Obtain Background Information for Norwegian Research
Back to Portal Page Norway
1- Learn about the types of records used for Norwegian Research: Record availablility, records contents, time period covered, ease of use, and reliability, as well as the likelyhood that your ancestor will be listed in them.
There was no separation of church and state in Norway. After the Reformation the Evangelical Lutheran Church became the state or national church of Norway, and as such is an arm of the national government. There is no ordinary civil registration organized. In earlier times all registration was entrusted to the ministers of the ministers of the Evangelical Lutheran Church, and it is still the clergy who, by entries in the church registers are responisble for the greatest part of th is work.
Begin by obtaining some background information about your ancestor.
- Talk to family members who may have known your ancestor
- Search family bibles
- Look for any research that may have previously been done.
- Search original records.
Usually a Norwegian will be listed in a Luteran Church in the United States and here you may find the name of the town or parish he/she came from in Norway.
2- You may need some geographical and historical informtion about Norway: Where in Norway was your ancestor born.
- Locate the town/parish or place of residence.
Check gazetteers, postal guides, and other place-finding aids to learn as much as you can about each of the places where your ancestors lived. The 1972 Postal Guide for Norway is online at http://da2.uib.no/cgi-in/webbok.exe?slag=lesbok&boking=nsf You may want to check the "Map," "History", and "Gazetteer" sections. Identify the major migration routes, nearby cities, county boundaries, and other geographical features.
- Learn about Norwegian juristiction.
You will need to know how Norway was divided in counties, and how each county is divided into parishes.
- Use language help.
The records of Norway will usually be writtten in Norwegian. You do not need to know the entire Norwegian language to search the records, but you will need to learn some key words and phrases. See the "Language and Languages" section.
- Understand naming patterns.
The naming patterns in Norway were influenced by factors such as: where your ancestor lived (in a city or a rural area), the time period, social standing and occupation. See the naming custom section.
- Understand local customs.
Local customs may have affected the way inidviduals were recorded in the records. see the "Social life and Customs" section.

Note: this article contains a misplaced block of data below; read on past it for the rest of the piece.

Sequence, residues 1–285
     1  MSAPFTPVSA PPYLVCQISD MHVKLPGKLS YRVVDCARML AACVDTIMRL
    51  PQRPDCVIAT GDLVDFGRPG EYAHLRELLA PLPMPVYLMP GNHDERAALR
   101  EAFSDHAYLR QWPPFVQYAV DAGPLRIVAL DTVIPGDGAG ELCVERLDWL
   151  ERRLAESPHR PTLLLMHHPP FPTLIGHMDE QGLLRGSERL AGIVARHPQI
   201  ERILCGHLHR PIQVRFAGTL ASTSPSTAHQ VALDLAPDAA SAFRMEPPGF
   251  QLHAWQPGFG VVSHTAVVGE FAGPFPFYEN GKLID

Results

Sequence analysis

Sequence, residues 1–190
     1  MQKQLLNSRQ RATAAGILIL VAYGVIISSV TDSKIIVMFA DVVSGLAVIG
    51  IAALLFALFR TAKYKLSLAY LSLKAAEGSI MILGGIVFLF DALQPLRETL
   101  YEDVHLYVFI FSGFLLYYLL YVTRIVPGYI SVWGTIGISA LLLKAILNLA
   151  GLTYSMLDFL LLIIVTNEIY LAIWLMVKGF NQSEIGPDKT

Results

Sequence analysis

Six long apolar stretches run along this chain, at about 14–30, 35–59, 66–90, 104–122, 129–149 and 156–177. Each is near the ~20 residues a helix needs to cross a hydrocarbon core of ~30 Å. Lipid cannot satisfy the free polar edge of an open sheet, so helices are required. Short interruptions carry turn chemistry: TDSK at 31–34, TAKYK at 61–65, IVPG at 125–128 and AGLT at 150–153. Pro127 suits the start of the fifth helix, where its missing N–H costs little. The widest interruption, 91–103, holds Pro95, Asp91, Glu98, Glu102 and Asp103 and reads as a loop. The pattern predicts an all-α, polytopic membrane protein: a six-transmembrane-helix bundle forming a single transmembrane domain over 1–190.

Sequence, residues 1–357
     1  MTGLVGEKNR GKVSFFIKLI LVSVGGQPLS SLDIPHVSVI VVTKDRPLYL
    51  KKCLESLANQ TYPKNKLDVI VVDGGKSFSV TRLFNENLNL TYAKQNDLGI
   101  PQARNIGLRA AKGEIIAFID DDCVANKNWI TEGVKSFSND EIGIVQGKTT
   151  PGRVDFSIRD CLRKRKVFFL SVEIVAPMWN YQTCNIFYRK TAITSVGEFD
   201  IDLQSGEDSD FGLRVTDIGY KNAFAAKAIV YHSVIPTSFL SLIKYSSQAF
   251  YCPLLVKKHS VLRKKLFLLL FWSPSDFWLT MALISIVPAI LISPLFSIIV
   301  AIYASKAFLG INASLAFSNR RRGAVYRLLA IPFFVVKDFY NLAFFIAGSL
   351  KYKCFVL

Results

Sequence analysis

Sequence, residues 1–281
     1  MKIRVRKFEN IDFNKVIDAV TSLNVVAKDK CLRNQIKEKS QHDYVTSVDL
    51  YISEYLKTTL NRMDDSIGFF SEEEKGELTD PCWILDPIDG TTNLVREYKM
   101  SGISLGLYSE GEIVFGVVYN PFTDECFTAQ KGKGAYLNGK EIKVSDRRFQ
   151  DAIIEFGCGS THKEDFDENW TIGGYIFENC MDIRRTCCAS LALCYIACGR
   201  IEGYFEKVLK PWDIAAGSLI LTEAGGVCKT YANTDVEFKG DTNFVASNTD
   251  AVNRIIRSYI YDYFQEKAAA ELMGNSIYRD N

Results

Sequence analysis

3- Look for any research that someone else may have done: Most genealogists evaluate the research previously done by others. this can save time and give you valuable information. You may want to look in:
- Printed family histories and genealogies.
- Local histories.
- The International Genealogcal Index.
- Ancestral File.
- The Family Group Records Collections
Remember that the informaiton in these sources might be wrong, depending on who did the research. Therefore, you need to analyze and verify the informaiton you find from these secondary sources.
4- Search Original Records
After surveying previous records you will be ready to begin research in original records. This may be records copied on microfilm, or available online, that are usually handwritten in the native language. These documents can provide primary information about your ancestors because they were generally recorded near the time of an event by often the parish priest (for the church records) or by civil authority (for the census, probate or court records). If your ancestor moved from one area to another make sure you search all the applicable areas where he or she lived. You may search the records on microform or online at Digitalarkivet (Digital Archives) of Norway. The Digital Archives are in the process of putting most of the records for Norway online, but if the record you are looking for is not online yet make sure you check the Family History Library Catalog to see if the record is available on microform.
As you search original records for your Norwegian ancestors, most of your time will be spent searcing:
- Norwegian Church Records
- Birth and Christening Records
- Confirmation Records
- Marriage Records
- Death and Burial Records
- Moving Records
- Vaccination Records
Next you may want to search: